I also added 2 SPST switches to allow the pump to be turned on first, wetting the filter material.  The other switch controls the fan.  If it gets too chilly at night the pump can be shut off, leaving the fan on and the circulating air.  The only change I foresee is changing the filter material to a more coarse material.

DIY Solar Air Conditioner Bucket Cooler
DIY Solar Air Conditioner/Bucket Cooler Cooling a Tent

It’s not pure air conditioning, but it’s much better than just a fan blowing hot air, and we are more comfortable while we rough it.

Jim – KC5DOV

Note from OffGridSurvival: We would like to thank Jim for his extensive research and taking the time to provide this information for our readers.

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29 Comments

    • FIGJAM, you’ve made a lot of people much more comfortable with your ideas. Next spring, I’m building a larger cooler using a large Brute trashcan and a radiator fan for use poolside (if the fan isn’t too loud).

  1. Thank you, Jim B. I reside in Florida. We have the solar power, but the humidity is through the roof. I was contemplating this design, but it will not be effective with our weather in the sunshine state. Great idea though if I go camping out of state! Thank you, everyone.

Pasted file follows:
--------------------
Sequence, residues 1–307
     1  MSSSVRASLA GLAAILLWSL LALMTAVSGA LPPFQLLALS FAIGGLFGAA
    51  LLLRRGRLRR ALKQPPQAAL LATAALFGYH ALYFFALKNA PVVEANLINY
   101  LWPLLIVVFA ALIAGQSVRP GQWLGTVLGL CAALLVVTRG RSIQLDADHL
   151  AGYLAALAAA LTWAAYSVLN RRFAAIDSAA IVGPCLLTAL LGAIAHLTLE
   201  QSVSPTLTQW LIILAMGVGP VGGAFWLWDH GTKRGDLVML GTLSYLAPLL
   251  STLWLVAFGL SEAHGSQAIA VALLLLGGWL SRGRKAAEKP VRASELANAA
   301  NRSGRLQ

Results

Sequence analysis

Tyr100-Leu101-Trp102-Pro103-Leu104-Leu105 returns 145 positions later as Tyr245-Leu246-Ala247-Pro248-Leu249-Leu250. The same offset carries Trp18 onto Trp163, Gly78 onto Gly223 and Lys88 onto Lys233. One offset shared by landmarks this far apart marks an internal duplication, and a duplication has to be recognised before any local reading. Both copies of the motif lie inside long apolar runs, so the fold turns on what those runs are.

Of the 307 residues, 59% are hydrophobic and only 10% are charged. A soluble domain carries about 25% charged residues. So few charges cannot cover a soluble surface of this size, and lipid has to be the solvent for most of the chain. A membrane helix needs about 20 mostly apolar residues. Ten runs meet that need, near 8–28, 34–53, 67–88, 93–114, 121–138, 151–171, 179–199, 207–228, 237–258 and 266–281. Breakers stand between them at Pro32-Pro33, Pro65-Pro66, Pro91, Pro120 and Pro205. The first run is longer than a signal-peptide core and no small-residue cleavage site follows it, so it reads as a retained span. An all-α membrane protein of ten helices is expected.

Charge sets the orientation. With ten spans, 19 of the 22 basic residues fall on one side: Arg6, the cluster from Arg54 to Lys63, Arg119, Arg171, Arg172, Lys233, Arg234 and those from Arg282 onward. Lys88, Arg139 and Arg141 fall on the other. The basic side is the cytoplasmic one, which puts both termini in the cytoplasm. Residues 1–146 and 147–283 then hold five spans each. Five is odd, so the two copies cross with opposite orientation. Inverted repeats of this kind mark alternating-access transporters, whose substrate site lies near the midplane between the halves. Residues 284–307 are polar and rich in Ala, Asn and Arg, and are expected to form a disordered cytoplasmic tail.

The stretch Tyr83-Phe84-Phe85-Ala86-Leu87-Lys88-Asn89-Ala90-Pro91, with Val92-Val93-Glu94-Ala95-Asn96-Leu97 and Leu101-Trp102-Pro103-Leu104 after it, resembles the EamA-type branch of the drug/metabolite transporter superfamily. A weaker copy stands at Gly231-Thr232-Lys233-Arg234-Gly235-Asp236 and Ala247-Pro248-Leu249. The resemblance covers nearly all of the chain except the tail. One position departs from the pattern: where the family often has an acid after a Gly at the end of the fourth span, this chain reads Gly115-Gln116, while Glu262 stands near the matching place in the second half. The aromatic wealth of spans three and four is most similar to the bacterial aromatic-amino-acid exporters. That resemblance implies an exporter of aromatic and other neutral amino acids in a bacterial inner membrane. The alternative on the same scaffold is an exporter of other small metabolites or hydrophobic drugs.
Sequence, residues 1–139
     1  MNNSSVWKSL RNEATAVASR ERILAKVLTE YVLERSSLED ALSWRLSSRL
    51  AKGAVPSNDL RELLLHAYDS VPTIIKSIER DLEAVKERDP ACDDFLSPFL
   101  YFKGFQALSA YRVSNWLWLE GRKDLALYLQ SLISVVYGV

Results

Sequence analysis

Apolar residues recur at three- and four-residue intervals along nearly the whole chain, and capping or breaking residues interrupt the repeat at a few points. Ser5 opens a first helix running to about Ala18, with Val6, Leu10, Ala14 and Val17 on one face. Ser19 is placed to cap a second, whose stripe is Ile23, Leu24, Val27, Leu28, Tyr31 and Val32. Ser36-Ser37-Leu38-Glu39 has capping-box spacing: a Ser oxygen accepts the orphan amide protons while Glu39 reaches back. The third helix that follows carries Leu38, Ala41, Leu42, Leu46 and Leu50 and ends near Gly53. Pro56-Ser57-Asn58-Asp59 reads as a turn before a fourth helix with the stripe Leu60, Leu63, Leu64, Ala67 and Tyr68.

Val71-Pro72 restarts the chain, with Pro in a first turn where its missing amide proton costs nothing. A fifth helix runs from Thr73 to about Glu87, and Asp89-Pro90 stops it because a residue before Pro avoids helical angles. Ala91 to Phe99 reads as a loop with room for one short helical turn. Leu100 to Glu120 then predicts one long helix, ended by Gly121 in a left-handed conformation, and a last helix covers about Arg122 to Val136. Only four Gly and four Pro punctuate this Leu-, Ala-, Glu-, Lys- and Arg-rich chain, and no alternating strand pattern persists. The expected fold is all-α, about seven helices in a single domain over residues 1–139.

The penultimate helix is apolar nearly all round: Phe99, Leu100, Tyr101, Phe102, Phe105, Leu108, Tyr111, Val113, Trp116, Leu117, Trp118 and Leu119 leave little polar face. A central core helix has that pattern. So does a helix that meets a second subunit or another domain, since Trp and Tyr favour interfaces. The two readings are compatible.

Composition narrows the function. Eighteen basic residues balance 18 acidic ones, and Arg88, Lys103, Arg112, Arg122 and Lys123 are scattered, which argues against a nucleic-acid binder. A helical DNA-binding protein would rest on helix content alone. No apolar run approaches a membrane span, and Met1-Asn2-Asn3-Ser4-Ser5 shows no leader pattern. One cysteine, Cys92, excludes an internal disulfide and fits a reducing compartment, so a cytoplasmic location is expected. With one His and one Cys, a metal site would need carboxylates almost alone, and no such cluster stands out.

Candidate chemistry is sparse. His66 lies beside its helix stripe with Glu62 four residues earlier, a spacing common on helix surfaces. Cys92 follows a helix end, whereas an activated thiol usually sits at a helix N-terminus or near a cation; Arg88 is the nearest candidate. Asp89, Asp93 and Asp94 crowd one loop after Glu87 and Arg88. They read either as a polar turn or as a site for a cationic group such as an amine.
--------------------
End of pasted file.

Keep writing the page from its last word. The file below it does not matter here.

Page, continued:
2. Can this be made for a room? The reason I ask is that I live in Western Montana, and during the summer the temps can get brutal (Even without the humidity), but I’d love to have something like this for at least my bedroom or computer room where the pc heats things up.
    I’m looking at a minimum of $4,000 to 5,000 for ductless A/C and I’m 100% disabled which doesn’t make this an affordable option.
    I’ve always wanted to start living off the grid because our power goes out during changes in weather.

    • Yes it will work for a room, but the key is to bring in dry air from outside, cool it and blow it into the room. You’ll also have to provide a way for the air to exit and be replaced by more cooled air by opening another window, etc.

      If you draw inside air into the cooler all you’ll get is a hot, muggy room.

  3. More even distribution of water from the loop might be accomplished by flipping the loop so the holes are on the top. That way the tube has to get full before dripping, and will, in theory, drip evenly all the way around.
    tom

    • I’m going to try this next time we go out camping. I had not thought of turning the tube over and allowing it to fill first then flow out down the filter medium but think you’ve got a great idea with it – thanks!

      Jim J. – KC5DOV

      • I turned the loop over as discussed above and as predicted TomW, the water flow was improved. I’m thinking of getting the next larger pump.

  4. That creation is simply amazing! We have nothing to worry about our cooling dilemmas when we’re out of our house. Solar panels are definitely helpful and advantageous today, so it is really good to have one. Thanks for sharing this wonderful invention.